A bitter chuckle sounded from John. "Oh, right. And I just bet that Mike wouldn't give you the day off—hell, the hour—to attend the funeral of a man who supposedly meant so much to you." He shook his head. "That's a bollocks excuse and you know it."

Molly couldn't argue with him. He was exactly right; it was bollocks. But she didn't know what else to say.

Molly lowered her head down, unable to look John in the eye, and whispered, "I'm sorry. I truly am, John. I can't begin to know what you must be feeling right now—"

"Well, you should," John interrupted and Molly looked up at him with confusion. "I mean, you loved him longer than I did. You've been infatuated with the man for years and you couldn't be bloody bothered to come to his funeral. What kind of person—" John's words cut off as his voice cracked. He took a shaky breath and tried to compose himself.

Molly's heart broke for him. This is exactly why she had avoided going to the cemetery. She couldn't stand to see him in so much pain. Especially knowing that all she had to do was tell him the truth and she could end it. The image of herself storming into her office and dragging Sherlock out by his ear, demanding he apologise to poor John for all the suffering he put him through, flitted through her mind.

It would feel so good, she thought. Just being rid of all this, having everything out in the open. Then she would be free.

But, she knew of course she wouldn't do that. She couldn't. She had made a promise to Sherlock, and she would keep it. No matter how much it killed her.

"Oh, John," she said taking a step toward the man.

John held out his hand to stop her. "No. Don't. Just don't." He sniffed, pulling back the tears and cleared his throat. "Just answer me this, Molly, do you believe it?"

Molly blinked and shook her head. "I don't know what you mean? Believe what?"

"All of it," John said. "All the rubbish they're saying about him in the papers. That he was a fraud. A criminal. A monster. Do you believe it? Is that why you weren't there today? Because you've bought into all that shite like everyone else?"

Understanding hit Molly like a ton of bricks. It was perfectly clear now why John seemed so angry with her. "Oh. Is that what you think? That I've lost faith in Sherlock?"

"Well, what else am I supposed to think? You spend years acting as if the man hung the bloody moon and then you don't come to his funeral. With all of these bloody lies being flung about... Even Lestrade has doubts about him. He doesn't say it out loud, but I can tell, you know. So, what about you, Molly? Have you bought into it all as well?"

Molly was quiet for a moment, considering her words carefully. She licked her lips and cleared her throat. "Sherlock Holmes was a rude and arrogant man, whose constant need to prove his cleverness caused pain for many people. He was often inconsiderate, saying harmful things without a thought just to show off. I have no doubt about his capacity for cruelty." Molly paused, sparing a look at John; the other doctor's mouth hung open, in his eye a mix of outrage and sorrow. "But, I do not believe that Sherlock was a cruel person," Molly added and confusion flashed in John's expression. "I don't think that the things he did and said were meant with true malice. He was just a git who didn't know any better."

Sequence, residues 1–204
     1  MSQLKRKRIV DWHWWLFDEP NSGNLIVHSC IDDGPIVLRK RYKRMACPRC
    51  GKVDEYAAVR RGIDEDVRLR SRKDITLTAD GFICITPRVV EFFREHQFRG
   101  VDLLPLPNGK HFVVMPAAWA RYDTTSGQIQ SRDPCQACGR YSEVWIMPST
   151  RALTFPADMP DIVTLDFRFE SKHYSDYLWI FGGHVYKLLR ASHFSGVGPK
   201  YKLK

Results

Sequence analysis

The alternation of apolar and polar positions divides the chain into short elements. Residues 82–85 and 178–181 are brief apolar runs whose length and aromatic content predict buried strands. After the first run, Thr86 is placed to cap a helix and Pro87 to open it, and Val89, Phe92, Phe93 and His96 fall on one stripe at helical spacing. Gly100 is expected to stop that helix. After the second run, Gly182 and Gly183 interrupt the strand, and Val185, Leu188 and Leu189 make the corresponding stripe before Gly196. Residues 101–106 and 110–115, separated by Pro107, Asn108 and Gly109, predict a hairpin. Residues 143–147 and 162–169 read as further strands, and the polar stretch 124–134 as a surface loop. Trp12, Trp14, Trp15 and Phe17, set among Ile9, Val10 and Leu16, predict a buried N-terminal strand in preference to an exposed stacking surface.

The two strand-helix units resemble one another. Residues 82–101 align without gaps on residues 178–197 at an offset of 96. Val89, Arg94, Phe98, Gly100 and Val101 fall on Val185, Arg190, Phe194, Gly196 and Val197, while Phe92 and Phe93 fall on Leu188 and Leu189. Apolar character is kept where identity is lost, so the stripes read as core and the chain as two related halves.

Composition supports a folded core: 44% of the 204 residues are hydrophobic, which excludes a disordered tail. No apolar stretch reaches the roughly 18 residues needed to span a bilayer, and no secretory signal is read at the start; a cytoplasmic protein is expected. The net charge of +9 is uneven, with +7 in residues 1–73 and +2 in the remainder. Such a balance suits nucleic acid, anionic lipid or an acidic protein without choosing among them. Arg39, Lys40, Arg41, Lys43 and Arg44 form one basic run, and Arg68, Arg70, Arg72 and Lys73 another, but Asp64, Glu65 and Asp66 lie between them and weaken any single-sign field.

The ghost of something like a smirk quickly passed over John's lips. "Yeah. He certainly was that," he agreed with something between a sob and a chuckle.

"Sherlock Holmes was a great a man," Molly said.

"Yeah, and a good one too," John murmured wistfully.

"I could never doubt him. I believe in Sherlock Holmes and I always will. I'm sorry I wasn't at his funeral. I should have been."

John shook his head, swallowing down a visible lump in his throat. "No. I shouldn't have spoken to you the way I did. I was wrong. I know what a good person you are Molly, and I know how much you cared for Sherlock. I never should have doubted you're loyalty. It's just been so hard hearing the way people are talking about him now."

"I understand," Molly said. "I feel the same way. It makes me furious every time I see one of those headlines defaming him like that. All the while portraying Moriarty, sorry, "Richard Brook", as some sort of tragic victim. It makes me sick."

"Thanks, Molly."

Molly blinked in surprise. "For what? I didn't do anything."

"Yes you did," John said. "You have no idea how good it is to know that I'm not alone. That there's someone else on Sherlock's side."

"I'll always be on Sherlock's side." There was a touch of resignation in Molly's voice that John seemed to miss—but the man behind Molly's office door didn't.

John blew out a slow breath. "Well...I should go, let you get back to your work."

Molly nodded with a small smile. "Yeah. Okay. Er, John. You know, if there's anything that you need, or if you just want to talk, I'm here for you."

John gave her a smile that didn't reach his eyes. "Thanks, Molly." He walked over to her and gave her a tentative hug. "Bye."

"Bye, John." Molly watched John walk away; he was limping slightly on his right leg—the way he had been when Molly first met him. It seemed Sherlock's death was taking more than just an emotional toll on the doctor.

Molly felt drained from her encounter with John. She cast a look at the door to her office and her stomach clenched. She wasn't too keen on seeing Sherlock at the moment. Though, she had offered her aid to him willingly, Molly was still a bit angry with Sherlock for making her keep his secret from John. No matter how the Consulting Detective tried to rationalise it, Molly didn't understand why he couldn't tell John the truth.

Molly's cheeks were wet with tears that had fallen sometime during her talk with John, and she decided a trip to the loo to splash her face with some water was in order; it would allow her a moment to collect herself before having to see Sherlock.

She returned to the morgue feeling mildly better. She paused outside the door to take a deep breath. Even though she was sure that Sherlock would see through it anyway, Molly affixed a bright smile on her face before pushing open the door.

She needn't have bothered.

The morgue was empty.


Thank you so much for reading! I would be grateful for any thoughts you might have about this chapter!

Love, Nyx.